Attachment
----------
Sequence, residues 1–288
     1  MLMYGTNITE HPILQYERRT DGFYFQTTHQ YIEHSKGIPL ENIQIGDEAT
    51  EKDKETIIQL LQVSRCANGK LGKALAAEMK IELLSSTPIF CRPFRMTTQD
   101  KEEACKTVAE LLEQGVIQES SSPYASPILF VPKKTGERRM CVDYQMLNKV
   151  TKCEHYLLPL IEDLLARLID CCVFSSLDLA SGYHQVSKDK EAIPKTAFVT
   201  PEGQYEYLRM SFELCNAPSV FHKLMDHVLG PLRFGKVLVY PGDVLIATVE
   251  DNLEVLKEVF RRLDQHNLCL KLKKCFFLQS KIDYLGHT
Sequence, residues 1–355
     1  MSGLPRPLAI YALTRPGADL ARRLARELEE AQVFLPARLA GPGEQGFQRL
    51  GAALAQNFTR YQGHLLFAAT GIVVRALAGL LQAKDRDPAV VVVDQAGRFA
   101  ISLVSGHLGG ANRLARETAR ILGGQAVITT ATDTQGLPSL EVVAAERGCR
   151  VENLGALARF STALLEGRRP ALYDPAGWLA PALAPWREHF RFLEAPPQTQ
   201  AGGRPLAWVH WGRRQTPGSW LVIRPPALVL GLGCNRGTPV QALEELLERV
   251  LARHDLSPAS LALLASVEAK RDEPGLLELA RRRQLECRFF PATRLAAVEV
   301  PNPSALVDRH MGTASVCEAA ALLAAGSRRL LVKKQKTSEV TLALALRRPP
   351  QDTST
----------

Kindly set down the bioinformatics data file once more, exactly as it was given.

Sequence, residues 1–288
     1  MLMYGTNITE HPILQYERRT DGFYFQTTHQ YIEHSKGIPL ENIQIGDEAT
    51  EKDKETIIQL LQVSRCANGK LGKALAAEMK IELLSSTPIF CRPFRMTTQD
   101  KEEACKTVAE LLEQGVIQES SSPYASPILF VPKKTGERRM CVDYQMLNKV
   151  TKCEHYLLPL IEDLLARLID CCVFSSLDLA SGYHQVSKDK EAIPKTAFVT
   201  PEGQYEYLRM SFELCNAPSV FHKLMDHVLG PLRFGKVLVY PGDVLIATVE
   251  DNLEVLKEVF RRLDQHNLCL KLKKCFFLQS KIDYLGHT
Sequence, residues 1–355
     1  MSGLPRPLAI YALTRPGADL ARRLARELEE AQVFLPARLA GPGEQGFQRL
    51  GAALAQNFTR YQGHLLFAAT GIVVRALAGL LQAKDRDPAV VVVDQAGRFA
   101  ISLVSGHLGG ANRLARETAR ILGGQAVITT ATDTQGLPSL EVVAAERGCR
   151  VENLGALARF STALLEGRRP ALYDPAGWLA PALAPWREHF RFLEAPPQTQ
   201  AGGRPLAWVH WGRRQTPGSW LVIRPPALVL GLGCNRGTPV QALEELLERV
   251  LARHDLSPAS LALLASVEAK RDEPGLLELA RRRQLECRFF PATRLAAVEV
   301  PNPSALVDRH MGTASVCEAA ALLAAGSRRL LVKKQKTSEV TLALALRRPP
   351  QDTST